On March 19, 1941, the U.S. War Department established the 99th Pursuit Squadron, which, along with a few other squadrons formed later, became better known as the Tuskegee Airmen. Consisting of America’s first Black military pilots, these units confronted racism at home in addition to the enemy abroad. Yet despite the extra obstacles, they would go on to compile an exemplary record in the Mediterranean and European theaters of World War II and pave the way for desegregation of the military.
Though African Americans had fought in every major U.S. conflict dating back to the Revolutionary War, they were traditionally confined to menial jobs and kept separated from white soldiers. As late as 1925, an Army War College report called them “a sub-species of the human family” that performed poorly as soldiers due to their cowardly, subservient, superstitious, amoral and mentally inferior nature.
Black advocacy groups and newspapers attempted to counter such pseudoscience. But as World War II approached, the military remained staunchly opposed both to integration and to putting Black men in positions of authority. In 1940, for example, U.S. Army Chief of Staff George C. Marshall, who would later win the Nobel Peace Prize for his work on the Marshall Plan, remarked that now was “not the time for critical experiments, which would inevitably have a highly destructive effect on morale.” The navy and war secretaries agreed, with the latter writing that “leadership is not embedded in the Negro race yet” and that mixing white and Black troops would be “trouble.”
Not surprisingly, given the political climate, Black aviators were barred from flying in the U.S. Army Air Corps (the predecessor to the Air Force). In fact, they rarely entered any cockpits at all. Census records show that only a few dozen licensed black pilots lived in the entire United States prior to World War II. That number finally began to rise when several historically black colleges were included in the Civilian Pilot Training Program, which Congress created in 1939 to ensure that pilots would be available should war break out.
Even then, the Air Corps remained opposed to admitting Black recruits. But in 1940, Republican presidential nominee Wendell Willkie promised to desegregate the military, prompting his opponent, Democratic President Franklin D. Roosevelt, to authorize the enlistment of African American aviators, among other modest civil rights concessions aimed at keeping the Black vote. On January 16, 1941, it was then announced that an all-Black fighter pilot unit would be trained at the Tuskegee Institute in Alabama, a historically black college founded by Booker T. Washington.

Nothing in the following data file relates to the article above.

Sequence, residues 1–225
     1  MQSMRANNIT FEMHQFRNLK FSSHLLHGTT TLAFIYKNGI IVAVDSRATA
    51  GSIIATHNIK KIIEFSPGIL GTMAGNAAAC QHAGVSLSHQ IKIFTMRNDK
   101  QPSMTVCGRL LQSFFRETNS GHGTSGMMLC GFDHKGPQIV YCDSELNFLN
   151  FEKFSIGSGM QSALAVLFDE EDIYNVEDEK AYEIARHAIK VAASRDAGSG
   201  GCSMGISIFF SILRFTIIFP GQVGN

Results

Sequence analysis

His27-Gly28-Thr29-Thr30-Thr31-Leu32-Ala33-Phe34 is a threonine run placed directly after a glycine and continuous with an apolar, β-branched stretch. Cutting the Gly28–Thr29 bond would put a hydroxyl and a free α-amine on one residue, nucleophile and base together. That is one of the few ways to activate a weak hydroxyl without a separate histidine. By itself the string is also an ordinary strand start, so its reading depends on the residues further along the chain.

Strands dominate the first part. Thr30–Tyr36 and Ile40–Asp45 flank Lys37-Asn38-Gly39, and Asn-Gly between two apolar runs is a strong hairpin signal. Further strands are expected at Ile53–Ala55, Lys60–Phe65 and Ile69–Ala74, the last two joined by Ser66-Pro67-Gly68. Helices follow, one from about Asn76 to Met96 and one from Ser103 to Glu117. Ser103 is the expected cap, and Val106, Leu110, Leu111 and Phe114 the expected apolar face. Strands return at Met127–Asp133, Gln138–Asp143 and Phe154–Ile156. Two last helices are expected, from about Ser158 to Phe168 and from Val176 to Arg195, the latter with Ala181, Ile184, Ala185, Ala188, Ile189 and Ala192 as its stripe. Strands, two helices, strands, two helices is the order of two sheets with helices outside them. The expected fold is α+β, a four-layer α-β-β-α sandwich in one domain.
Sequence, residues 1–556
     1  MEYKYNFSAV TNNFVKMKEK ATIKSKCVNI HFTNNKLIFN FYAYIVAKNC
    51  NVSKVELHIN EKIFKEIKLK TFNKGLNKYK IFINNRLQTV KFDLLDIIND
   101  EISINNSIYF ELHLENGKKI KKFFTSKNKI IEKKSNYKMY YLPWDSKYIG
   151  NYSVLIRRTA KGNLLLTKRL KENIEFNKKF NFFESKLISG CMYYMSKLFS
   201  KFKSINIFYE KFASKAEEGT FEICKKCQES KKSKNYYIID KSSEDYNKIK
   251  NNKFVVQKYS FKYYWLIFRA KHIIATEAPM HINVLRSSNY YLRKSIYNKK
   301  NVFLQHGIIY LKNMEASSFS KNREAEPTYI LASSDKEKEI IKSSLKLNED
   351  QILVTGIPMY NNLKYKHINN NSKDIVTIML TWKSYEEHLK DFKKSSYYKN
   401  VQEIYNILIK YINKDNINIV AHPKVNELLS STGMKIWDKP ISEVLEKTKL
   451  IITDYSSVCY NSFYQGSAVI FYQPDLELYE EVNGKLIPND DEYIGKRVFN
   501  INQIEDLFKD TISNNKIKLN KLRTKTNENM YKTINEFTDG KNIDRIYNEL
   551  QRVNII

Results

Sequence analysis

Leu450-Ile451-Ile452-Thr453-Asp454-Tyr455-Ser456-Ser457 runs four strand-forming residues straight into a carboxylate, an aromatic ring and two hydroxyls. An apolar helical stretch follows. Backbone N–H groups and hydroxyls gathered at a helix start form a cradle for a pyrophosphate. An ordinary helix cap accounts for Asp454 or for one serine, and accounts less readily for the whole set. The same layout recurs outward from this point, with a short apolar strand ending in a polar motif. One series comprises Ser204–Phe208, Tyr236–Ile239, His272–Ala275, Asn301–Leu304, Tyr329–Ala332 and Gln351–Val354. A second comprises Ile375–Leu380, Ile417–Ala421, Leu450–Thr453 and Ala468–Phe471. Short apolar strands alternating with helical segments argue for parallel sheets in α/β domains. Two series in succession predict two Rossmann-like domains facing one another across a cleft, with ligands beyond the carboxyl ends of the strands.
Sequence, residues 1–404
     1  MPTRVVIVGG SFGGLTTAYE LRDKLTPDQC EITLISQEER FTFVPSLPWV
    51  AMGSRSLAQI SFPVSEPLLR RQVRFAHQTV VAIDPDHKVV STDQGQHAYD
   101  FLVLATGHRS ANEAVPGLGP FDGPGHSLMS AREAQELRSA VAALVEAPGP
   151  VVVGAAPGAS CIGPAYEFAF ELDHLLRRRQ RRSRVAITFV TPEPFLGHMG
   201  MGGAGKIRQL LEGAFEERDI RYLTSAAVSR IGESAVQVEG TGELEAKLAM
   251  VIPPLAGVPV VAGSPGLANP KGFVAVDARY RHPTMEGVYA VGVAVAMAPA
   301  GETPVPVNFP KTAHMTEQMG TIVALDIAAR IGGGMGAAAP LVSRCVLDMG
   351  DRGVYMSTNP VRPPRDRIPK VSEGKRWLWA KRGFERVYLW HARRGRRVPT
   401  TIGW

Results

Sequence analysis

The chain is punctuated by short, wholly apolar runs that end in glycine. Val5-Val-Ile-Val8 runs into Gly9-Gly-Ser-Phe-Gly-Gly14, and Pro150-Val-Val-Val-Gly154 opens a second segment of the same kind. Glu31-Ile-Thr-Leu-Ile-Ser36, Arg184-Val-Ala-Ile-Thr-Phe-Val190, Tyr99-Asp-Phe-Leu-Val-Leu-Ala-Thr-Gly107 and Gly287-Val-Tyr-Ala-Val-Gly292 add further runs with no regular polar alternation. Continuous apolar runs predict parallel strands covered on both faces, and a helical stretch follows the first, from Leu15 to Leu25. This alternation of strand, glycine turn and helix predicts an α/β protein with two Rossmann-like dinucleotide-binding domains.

The War Department officially established the 99th Pursuit Squadron (later renamed the 99th Fighter Squadron) on March 19, 1941, and it activated the unit three days later. Before the first cadets even arrived, the program got a publicity boost when First Lady Eleanor Roosevelt was taken up in a plane by C. Alfred “Chief” Anderson, a Black aviation pioneer who served as the Tuskegee Institute’s chief flight instructor.
Nonetheless, many top military officials, including the war secretary, reportedly expected the Tuskegee experiment to fail. Local whites also expressed opposition, at one point nearly initiating a race riot following a tense confrontation with an armed Black military policeman. Meanwhile, about 100 whites signed a petition lamenting that the Tuskegee Army Air Field—which was built at great expense purely so that preexisting army air fields wouldn’t have to integrate—might cut off the “only outlet of expansion for white citizens of Tuskegee.”
READ MORE: How Tuskegee Airmen Fought Military Segregation With Nonviolent Action
Living primarily in primitive tents, the inaugural class of Tuskegee pilots studied such subjects as radio code, navigation and meteorology, while also taking to the air for more hands-on learning. Of the 13 original cadets, five made it graduation in March 1942, including Benjamin O. Davis Jr., who would eventually become the unit’s commander.
More graduations quickly followed, and the program was expanded to comprise not only the 99th Fighter Squadron, but also the 100th, 301st and 302nd fighter squadrons, which together made up the 332nd Fighter Group. (Also considered Tuskegee Airmen are the black bomber pilots of the 477th Bombardment Group, as well as all support personnel.)
Overall, 992 pilots completed the Tuskegee training program, nearly half of whom were then shipped overseas, where they gained fame for their unparalleled success at escorting bombers on long-range raids deep into Nazi-controlled territory. Flying some 1,600 missions and destroying over 260 enemy aircraft, the Tuskegee Airmen helped lay the foundation for President Harry S. Truman’s decision to desegregate the armed forces in 1948.
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